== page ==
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Suresh Chandra v. Union Of India And Others - WRIT - A No. 12143 of 2006  RD-AH 4804 (28 February 2006)
Court No. 34
Civil Misc. Writ Petition No. 12143 of 2006
Suresh Chandra Vs. Union of India and others
Hon. Dr. B.S. Chauhan, J.
Hon. Dilip Gupta, J.
This writ petition has been filed for quashing the judgment and order dated 5.1.2006 passed by the Central Administrative Tribunal, Allahabad Bench, Allahabad in Original Application No. 162 of 1999.
The original application had been filed for quashing the order of dismissal from service. This order was passed after holding a detailed enquiry against the petitioner. The charge against the petitioner was that even though the petitioner had signed the documents relating to the samples taken during the course of inspection in the pantry car of the train but later on he retracted from the same. Learned counsel for the petitioner has not been able to point out any infirmity in the enquiry proceedings and all that he contended was that the punishment imposed upon the petitioner was disproportionate to the charges levelled against him.
In B.C. Chaturvedi V. Union of India and others, (1995) 6 SCC 749, which has been referred to in the aforesaid decision, the Supreme Court after referring to a number of its earlier decisions observed as under:-
" A review of the above legal position would establish that the disciplinary authority, and on appeal the appellate authority, being fact-finding authorities have exclusive power to consider the evidence with ad view to maintain discipline. They are invested with the discretion to impose appropriate punishment keeping in view the magnitude or gravity of the misconduct. The High Court/Tribunal, while exercising the power of judicial review, cannot normally substitute its own conclusion on penalty and impose some other penalty. If the punishment imposed by the disciplinary authority or the appellate authority shocks the conscience of the High Court/Tribunal, it would appropriately mould the relief, either directing the disciplinary/appellate authority to reconsider the penalty imposed, or to shorten the litigation, it may itself, in exceptional and rare cases, impose appropriate punishment with cogent reasons in support thereof."
In V.Ramana Vs. A.P.SRTC & Ors., (2005) 7 SCC 338 the Hon'ble Supreme Court observed :-
"The common thread running through in all these decisions is that the court should not interfere with the administrator's decision unless it was illogical or suffers from procedural impropriety or was shocking to the conscience of the court, in the sense that it was in defiance of logic or moral standards. In view of what has been stated in Wednesbury case the court would not go into the correctness of the choice made by the administrator open to him and the court should not substitute its decision for that of the administrator. The scope of judicial review is limited to the deficiency in decision-making process and not the decision.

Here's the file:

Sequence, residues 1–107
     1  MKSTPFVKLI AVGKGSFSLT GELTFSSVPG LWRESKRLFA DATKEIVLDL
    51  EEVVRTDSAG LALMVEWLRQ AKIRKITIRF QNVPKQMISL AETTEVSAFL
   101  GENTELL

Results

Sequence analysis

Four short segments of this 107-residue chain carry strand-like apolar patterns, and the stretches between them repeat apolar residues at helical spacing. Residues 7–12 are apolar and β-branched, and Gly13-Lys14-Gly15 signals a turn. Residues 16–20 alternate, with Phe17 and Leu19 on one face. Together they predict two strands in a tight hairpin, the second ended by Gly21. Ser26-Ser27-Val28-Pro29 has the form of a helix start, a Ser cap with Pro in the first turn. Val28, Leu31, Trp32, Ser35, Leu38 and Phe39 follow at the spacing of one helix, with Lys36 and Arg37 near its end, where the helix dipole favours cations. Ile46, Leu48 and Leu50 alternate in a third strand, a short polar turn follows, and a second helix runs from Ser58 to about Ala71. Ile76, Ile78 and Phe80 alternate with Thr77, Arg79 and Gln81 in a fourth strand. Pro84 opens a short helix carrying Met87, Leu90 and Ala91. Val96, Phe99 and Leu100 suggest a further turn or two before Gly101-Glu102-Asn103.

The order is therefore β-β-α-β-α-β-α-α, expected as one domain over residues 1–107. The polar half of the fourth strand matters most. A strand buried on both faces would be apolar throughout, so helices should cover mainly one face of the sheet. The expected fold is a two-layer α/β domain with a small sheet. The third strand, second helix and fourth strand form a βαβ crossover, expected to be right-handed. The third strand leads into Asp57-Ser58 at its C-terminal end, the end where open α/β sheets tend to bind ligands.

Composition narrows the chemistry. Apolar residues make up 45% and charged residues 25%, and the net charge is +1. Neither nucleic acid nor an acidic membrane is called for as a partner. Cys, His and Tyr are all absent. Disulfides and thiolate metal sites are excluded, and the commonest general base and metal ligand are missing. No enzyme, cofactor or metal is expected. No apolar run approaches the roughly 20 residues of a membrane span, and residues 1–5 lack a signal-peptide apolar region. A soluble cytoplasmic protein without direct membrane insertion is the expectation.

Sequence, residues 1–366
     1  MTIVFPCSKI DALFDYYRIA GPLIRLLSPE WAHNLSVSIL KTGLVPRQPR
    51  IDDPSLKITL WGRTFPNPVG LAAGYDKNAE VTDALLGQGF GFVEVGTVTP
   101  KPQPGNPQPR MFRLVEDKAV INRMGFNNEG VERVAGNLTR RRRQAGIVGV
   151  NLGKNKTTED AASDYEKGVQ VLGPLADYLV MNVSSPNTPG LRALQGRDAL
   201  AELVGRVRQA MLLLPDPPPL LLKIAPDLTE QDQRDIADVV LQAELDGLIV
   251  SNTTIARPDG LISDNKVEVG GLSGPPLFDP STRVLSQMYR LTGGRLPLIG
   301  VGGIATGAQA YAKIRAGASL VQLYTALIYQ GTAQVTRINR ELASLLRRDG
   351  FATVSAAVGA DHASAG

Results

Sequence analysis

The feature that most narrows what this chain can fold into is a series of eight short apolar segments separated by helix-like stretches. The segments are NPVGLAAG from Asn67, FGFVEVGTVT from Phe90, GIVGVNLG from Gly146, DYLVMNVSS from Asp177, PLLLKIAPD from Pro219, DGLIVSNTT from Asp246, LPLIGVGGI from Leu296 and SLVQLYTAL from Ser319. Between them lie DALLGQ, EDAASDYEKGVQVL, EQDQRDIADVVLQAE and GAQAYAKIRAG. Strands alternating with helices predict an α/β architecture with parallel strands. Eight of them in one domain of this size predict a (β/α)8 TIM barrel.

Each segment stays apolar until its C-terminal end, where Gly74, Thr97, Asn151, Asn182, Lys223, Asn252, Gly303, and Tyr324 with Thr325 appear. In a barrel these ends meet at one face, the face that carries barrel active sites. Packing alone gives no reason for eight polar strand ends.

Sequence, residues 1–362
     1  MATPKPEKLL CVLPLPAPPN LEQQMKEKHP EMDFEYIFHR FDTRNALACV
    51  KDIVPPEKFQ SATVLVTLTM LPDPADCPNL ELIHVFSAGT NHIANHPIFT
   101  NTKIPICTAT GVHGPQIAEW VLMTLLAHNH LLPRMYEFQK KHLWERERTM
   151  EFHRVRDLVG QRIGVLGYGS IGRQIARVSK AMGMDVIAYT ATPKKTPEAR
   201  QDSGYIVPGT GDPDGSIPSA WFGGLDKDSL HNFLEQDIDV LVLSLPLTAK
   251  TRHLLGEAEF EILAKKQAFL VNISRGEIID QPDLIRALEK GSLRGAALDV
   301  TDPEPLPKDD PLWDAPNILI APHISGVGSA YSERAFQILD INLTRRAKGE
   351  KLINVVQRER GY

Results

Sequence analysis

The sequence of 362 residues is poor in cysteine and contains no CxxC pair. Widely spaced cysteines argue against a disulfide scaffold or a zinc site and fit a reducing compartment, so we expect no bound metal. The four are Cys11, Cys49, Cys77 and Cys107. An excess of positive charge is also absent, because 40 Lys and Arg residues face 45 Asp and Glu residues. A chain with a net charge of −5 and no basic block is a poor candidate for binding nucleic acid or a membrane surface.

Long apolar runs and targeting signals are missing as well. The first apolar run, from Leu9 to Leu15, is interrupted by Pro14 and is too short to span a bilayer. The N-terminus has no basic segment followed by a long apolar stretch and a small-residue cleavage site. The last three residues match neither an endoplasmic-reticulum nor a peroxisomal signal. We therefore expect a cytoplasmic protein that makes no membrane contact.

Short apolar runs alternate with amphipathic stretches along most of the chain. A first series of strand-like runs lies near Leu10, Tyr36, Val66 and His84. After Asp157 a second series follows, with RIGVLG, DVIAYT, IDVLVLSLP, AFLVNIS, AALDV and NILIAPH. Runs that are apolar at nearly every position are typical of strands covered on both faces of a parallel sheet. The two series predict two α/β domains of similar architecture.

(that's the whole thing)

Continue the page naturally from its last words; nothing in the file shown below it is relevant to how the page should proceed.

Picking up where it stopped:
To put it differently unless the punishment imposed by the disciplinary authority or the Appellate Authority shocks the conscience of the court/Tribunal, there is no scope for interference. Further to shorten litigations it may, in exceptional and rare cases, impose appropriate punishment by recording cogent reasons in support thereof. In a normal course if the punishment imposed is shockingly disproportionate it would be appropriate to direct the disciplinary authority or the Appellate Authority to reconsider the penalty imposed." (Emphasis supplied)
In Regional Manager, U.P. SRTC, Etawah & Anr. Vs. Hoti Lal & Anr. (2003) 3 SCC 605 the Supreme Court observed as under:-
"If the charged employee holds a position of trust where honesty and integrity are inbuilt requirements of functioning, it would not be proper to deal with the matter leniently. Misconduct in such cases has to be dealt with iron hands. Where the person deals with public money or is engaged in financial transactions or acts in a fiduciary capacity, the highest degree of integrity and trustworthiness is a must and unexceptionable. Judged in that background, conclusions of the Division Bench of the High Court do not appear to be proper. We set aside the same and restore order of the learned Single Judge upholding the order of dismissal." (emphasis supplied)
The aforesaid decisions of the Supreme Court clearly emphasise that it is only when the punishment imposed by the Disciplinary Authority shocks the conscience of the High Court that it can interfere in the matter. In the present case, we have examined the materials on record but find nothing, which may even remotely shock the conscience of the Court. We, therefore, see no ground to interfere with the order of dismissal or with the order of the Central Administrative Tribunal rejecting the original application.
The writ petition is, accordingly, dismissed.
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